While we are talking about frustration, let’s note that one of the key emotions that erode a company is frustration. You can use this knowledge to your advantage, though, as frustration is your meter for fractured relationships. When you see frustration in an individual, you have an indicator that it’s time to take a few minutes to address an issue or thank someone for their efforts. Frustration within yourself is an indicator that you need to find a reconnection to the organization. You are also a stakeholder, so the relationship with yourself also strengthens the work and the team’s ability to stay united. Andrew O’Keeffe discusses these relationships in his book Hardwired Humans. He provides insight into how we maintain liaisons with others and work toward a common goal. And, it’s true that an aspect of stakeholder relationships is keeping everyone focused on the forward movement of the goal/mission of the organization. You want to address frustration and maintain engagement, but also remember that the motion should be forward. This means taking discussions toward solutions and results. Talking about how frustrated one is about something or someone takes people and situations backward. Discussing possible solutions and setting up ways to better engage someone’s work activities moves the conversation and relationship forward.

The ultimate goal in maintaining strong relationships with stakeholders is to find the balance between daily work and stakeholders while monitoring frustration as you move the company forward. This process is no small task when your workload is high and time is limited. A valuable exercise to reset the balance may be to take some development time to identify your stakeholders and see how they fit into the connectivity of your work. Graham Kenny recently wrote an article for the Harvard Business Review that brought to light five questions to identify stakeholders. The goal of this exercise is to help you direct your organization’s energy and resources in a more cohesive way between relationships and activities. This consideration will  enable you to answer questions about who has an impact on work performance, and what is needed from that particular stakeholder? Take the information you obtain from looking at your stakeholders to shed light on new directions for the workflow and set up timelines for communication. You might find that some stakeholders no longer fit into the long-term goals of the company or that frustration levels from some stakeholders are causing detriment to the quality or quantity of work.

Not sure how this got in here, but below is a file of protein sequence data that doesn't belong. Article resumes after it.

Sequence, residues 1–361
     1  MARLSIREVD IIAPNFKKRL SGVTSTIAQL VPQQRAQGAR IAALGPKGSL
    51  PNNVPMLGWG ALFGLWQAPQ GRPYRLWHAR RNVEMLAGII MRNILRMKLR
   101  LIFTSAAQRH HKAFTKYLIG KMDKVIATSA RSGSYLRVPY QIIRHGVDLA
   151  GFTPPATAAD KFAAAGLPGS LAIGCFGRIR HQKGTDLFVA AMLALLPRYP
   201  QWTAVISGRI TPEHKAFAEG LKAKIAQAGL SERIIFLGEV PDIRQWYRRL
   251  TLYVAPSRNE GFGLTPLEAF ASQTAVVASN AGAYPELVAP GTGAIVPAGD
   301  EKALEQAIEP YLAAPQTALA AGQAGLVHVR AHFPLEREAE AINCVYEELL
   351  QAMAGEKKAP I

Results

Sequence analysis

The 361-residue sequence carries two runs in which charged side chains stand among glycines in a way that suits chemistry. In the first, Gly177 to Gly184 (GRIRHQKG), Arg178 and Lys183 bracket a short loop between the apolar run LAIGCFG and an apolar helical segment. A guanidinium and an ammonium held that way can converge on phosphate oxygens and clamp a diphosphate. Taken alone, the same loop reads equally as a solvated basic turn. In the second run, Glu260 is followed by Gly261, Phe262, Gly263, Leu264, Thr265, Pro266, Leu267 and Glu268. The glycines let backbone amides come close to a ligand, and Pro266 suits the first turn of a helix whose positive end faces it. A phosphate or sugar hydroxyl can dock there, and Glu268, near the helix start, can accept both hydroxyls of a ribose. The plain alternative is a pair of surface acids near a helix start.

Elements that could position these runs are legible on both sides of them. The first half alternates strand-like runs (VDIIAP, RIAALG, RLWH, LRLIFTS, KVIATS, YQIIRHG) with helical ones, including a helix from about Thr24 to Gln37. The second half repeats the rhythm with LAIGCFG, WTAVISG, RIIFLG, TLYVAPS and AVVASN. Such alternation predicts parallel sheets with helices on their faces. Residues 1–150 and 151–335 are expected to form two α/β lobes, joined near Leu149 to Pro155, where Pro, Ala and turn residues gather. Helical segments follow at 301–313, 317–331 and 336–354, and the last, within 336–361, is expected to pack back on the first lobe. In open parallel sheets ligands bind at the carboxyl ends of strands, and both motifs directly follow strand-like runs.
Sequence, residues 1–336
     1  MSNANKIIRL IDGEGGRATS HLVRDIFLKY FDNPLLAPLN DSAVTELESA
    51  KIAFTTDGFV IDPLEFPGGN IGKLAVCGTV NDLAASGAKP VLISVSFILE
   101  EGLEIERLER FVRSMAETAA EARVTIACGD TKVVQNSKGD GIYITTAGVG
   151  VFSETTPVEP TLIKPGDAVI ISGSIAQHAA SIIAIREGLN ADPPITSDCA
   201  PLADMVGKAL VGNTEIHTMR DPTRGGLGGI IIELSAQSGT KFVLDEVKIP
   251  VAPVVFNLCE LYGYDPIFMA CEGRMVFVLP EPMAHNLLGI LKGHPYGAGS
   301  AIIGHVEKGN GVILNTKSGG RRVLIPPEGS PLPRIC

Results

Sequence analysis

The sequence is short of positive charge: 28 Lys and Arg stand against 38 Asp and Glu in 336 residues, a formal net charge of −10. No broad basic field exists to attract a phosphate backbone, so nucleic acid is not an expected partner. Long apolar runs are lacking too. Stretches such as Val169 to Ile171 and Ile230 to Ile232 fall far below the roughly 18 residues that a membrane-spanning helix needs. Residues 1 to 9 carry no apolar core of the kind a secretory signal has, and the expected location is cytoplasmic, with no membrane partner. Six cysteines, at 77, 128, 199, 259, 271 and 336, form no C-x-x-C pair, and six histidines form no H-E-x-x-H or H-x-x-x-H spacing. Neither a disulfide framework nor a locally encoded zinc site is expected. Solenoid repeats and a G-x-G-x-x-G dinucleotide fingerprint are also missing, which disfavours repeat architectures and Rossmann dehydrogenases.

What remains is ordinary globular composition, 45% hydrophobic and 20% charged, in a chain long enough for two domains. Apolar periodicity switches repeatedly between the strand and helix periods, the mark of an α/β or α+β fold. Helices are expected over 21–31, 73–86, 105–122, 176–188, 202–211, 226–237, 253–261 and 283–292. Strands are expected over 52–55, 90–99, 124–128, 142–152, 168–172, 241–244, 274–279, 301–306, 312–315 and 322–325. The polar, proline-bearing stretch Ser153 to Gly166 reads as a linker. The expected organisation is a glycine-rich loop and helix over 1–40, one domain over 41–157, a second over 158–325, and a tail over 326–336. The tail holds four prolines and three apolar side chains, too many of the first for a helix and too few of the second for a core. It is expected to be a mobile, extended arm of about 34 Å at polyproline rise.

The process for building a significant stakeholder relationship that also builds trust that is a valuable commodity in the ever changing work culture of our time. As we become more connected to machine intelligence and interactions, the human element of work loses a bit of space in the makeup of our workplace. Maintaining stakeholder relationships helps you to not only keep your work efficient, but also helps you to preserve a little humanity in the work place. You never know how those few moments can change the course of your work or the work of the organization.

Learn more by watching my on-demand webinar, Building Positive Relationships with Stakeholders.  The discussion will give you some building blocks for helping to keep people connected in a working environment. And, it’s eligible for 0.75 PMI® PDUs in the Leadership category of the Talent Triangle.

Avatar photo
Written by Dr. Lynette Reed

Writer, researcher and advisor on human potential for personal and organizational development, Dr. Lynette Reed has mentored people from in businesses, not-for-profits, schools, allied health agencies, chambers of commerce, government and churches. She has taught courses on team building, leadership, ethics, world religion and world cultures. Her current literary contributions include an executive summary paperback titled, Fixing the Problem: Making Changes in How You Deal with Challenges, as well as book contributions, articles, guest radio appearances and a series of children’s books with Abingdon Press. She is also a co-founder and board member of the Institute for Soul-Centered Leadership at Seton Cove. Lynette holds a Doctor of Ministry in Spirituality, Sustainability, and Inter-Religious Dialogue and a Master of Science in Communication Sciences and Disorders. Contact her at

Share This Post

Leave a Reply